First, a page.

“Theater der Welt”: “Oedipus Rex” from Lithuania, staged by Oskaras Korsunovas
We’ve been waiting for 2429 years for this to happen. Our original mother, ancestors and parents had been impatiently waiting in their hope. However, they failed to see the miracle. And now, absolutely unexpectedly, it’s happened. It wasn’t a star that shone above the theatre, it wasn’t the song of Dyonisus’ angel. Not many of those who were there felt that something majestic had happened. They saw what entire generations had been dreaming of – they saw Sophocles’ “Oedipus Rex” with a fairy tale like sound recording.
The performance started gloomily. Children dressed in overalls (or rompers?) were dancing on the stage as if being operated by a remote control. With their big greyish papier-maché heads on their slender shoulders, with their eyes shut and mouths open for a munkish scream, they looked like monsters. They were all created homuncules. We’d already got frightened that a young Lithuanian director Oskaras Korsunovas was making a commentary of “Brave New World” or staging the topic of cloning as for the text itself not alien is the idea that the youth are blind to the sins of their parents and to their own destiny, as poor Oedipus slowly tracing his crime. And it seemed that this idea would be developed, but suddenly the gloom turned into merriment: the longing of 2429 years came into life.
However, before describing (carefully and with blessedness) the salto mortale of this tragedy into a comedy we should take a look at Jurate Paulekaite’s scenery. The place of the action is a playground, which would be envied by any child: lots of ladders, a swing, a seesaw, a roundabout, a sandpit, a “death-cup”. That’s the place Sophocles imagined – Thebes with its altars and the images of gods standing out in front of the king’s palace. However, it was never made this way. Not only naughty old men, who get wild while exercising, are romping here but also Oedipus and his rival Creon, childish and sweet this time, queen Jokasta and Teiresias wouldn’t like to get out of the game either. They make more improvements to it: fill the playground with smoke so that they would be able to catch each other as blind hens. And add the music: Arkadij Gotesman beats the drums, hits gongs and triangles absolutely dashingly. No one can make a single step on the stage without his beat, no one moves without his metallic clatter. The beating Gotesman frightens as a destroying spider. Compared to the beats of this musician, Wagner’s “Persiphale” march is a saraband. As children willingly dress up, grown ups also put on the costumes. If you could only see! Teiresias looks like a big beaked griffin whose body has been put into a tight silvery costume by Aleksandras Pogrebnojus and Vida Simanaviciute – Pinocchio moulded as a sausage. The members of a chorus sometimes look like Mickey Mice, sometimes like cats; they are squeaking and purring from the bottom of their hearts, they are waving the incense pots in time, however, they talk very little. The parts of the chorus Korsunovas gives to another animal – a brown bear, which is liked by everybody, which produces the nicest songs, for instance, a melodious “I’m not that murderer”. At the end, when Oedipus is facing his destiny, it becomes the beloved bear, whose murmuring is intensified by a microphone. It, of course, cannot scream so loud as the humans do: they scream when chatting as if to frighten the visitors of a horror room. It was impossible to imagine through all those 2429 years but we were secretly wishing for that.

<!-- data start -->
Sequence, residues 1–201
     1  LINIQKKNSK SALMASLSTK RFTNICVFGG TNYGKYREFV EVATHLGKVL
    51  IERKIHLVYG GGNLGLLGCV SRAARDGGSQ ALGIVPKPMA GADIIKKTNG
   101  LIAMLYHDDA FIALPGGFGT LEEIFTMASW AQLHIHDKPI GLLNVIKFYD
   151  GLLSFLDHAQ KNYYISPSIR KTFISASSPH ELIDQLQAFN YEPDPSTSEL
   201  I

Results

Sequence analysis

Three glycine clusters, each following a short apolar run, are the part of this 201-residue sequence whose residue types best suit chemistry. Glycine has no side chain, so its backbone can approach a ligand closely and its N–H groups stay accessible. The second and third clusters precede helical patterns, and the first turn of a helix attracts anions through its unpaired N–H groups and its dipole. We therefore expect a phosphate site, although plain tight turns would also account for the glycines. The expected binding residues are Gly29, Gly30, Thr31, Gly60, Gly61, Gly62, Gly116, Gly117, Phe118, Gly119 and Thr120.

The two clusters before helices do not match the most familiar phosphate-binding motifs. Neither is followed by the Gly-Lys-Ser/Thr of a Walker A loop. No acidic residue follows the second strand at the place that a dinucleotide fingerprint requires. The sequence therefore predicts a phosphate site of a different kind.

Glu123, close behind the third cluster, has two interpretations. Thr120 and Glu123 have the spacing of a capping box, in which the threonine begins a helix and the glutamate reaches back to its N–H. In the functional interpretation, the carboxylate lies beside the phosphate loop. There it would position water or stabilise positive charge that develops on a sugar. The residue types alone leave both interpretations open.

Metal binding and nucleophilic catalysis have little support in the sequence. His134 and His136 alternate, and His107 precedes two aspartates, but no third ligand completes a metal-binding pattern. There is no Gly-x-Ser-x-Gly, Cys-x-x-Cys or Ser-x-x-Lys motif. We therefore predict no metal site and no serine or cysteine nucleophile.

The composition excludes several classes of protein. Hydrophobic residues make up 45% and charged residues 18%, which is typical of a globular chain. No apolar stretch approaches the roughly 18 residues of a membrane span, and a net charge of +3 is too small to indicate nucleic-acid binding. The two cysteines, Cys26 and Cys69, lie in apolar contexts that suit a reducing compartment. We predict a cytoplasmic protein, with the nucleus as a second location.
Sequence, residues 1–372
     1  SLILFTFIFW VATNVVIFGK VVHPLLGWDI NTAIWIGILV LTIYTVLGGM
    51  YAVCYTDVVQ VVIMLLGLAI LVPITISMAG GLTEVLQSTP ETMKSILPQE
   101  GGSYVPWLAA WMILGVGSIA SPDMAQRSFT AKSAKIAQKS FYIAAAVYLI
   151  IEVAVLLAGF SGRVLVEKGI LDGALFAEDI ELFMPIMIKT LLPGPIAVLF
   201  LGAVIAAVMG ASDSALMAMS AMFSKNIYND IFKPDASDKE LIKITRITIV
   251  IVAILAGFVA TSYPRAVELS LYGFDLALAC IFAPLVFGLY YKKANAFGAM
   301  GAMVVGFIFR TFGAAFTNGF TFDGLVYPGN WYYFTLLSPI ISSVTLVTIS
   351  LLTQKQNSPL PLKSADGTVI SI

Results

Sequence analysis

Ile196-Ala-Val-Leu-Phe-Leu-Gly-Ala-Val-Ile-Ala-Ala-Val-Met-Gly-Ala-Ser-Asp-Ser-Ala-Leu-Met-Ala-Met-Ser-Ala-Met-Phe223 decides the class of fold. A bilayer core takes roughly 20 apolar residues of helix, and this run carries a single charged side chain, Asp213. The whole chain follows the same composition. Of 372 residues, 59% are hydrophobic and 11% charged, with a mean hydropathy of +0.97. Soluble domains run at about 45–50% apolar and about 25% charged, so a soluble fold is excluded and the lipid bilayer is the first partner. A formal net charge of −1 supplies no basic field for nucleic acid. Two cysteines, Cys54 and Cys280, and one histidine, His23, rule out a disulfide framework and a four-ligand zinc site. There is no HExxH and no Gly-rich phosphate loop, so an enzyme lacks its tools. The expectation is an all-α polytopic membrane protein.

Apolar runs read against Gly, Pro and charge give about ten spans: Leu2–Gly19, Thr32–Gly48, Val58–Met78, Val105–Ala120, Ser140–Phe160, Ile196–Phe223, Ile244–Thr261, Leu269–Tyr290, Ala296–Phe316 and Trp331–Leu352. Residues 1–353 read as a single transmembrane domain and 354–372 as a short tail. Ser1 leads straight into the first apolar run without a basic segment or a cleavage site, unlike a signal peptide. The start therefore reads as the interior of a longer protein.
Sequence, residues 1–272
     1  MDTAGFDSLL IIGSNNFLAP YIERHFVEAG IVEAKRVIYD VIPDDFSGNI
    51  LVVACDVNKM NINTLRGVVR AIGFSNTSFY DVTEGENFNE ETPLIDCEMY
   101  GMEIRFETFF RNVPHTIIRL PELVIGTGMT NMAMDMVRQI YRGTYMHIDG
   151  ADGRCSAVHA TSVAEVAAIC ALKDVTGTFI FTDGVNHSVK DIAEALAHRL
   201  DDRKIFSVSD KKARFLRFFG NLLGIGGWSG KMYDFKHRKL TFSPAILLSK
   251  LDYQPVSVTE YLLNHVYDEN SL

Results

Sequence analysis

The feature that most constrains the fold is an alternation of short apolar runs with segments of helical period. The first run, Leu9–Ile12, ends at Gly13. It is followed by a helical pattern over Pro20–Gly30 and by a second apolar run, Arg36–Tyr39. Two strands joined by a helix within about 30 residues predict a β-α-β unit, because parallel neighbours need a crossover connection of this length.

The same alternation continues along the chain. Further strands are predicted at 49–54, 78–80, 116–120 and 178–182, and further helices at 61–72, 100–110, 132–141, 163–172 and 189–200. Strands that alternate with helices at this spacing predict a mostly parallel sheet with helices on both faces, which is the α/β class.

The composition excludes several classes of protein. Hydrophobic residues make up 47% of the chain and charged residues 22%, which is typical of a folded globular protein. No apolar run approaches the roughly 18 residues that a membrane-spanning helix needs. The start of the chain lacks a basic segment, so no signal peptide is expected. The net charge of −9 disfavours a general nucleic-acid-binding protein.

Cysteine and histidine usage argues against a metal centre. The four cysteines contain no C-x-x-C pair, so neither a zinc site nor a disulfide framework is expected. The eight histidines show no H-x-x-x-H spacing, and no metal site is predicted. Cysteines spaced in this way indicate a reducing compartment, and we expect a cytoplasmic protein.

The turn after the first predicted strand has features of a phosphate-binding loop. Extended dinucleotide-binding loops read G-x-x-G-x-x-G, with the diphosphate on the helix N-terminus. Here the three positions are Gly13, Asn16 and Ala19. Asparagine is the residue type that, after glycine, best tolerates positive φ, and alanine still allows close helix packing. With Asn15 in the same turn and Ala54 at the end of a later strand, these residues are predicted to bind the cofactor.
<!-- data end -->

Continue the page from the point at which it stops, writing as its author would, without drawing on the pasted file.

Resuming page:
It is known that the matter doesn’t turn into good for Oedipus and Jokasta, and for the inhabitants of Thebes it doesn’t bring any loss at its best. The director shows the decline not by the means of gesture and the carriage of a protagonist, he does not use the language means to reveal the pain and the decline. That was the mistake of all the directors during those 2429 years. These are the clothes and masks that suffer in Korsunovas’ staging. The more hopeless is state of the soul, the shaggier are the clothes. Finally, the mischievous chorus mice’s ears are gnawed, the embracing bear loses its left leg and its fur is burnt. Even the earlier splendour of Jokasta and Oedipus fades away: her dress becomes a rag, he doesn’t have his wonderful suit anymore. The jacket tears off into a short cloth. Shaggy shorts replace the trousers.
C. BERND SUCHER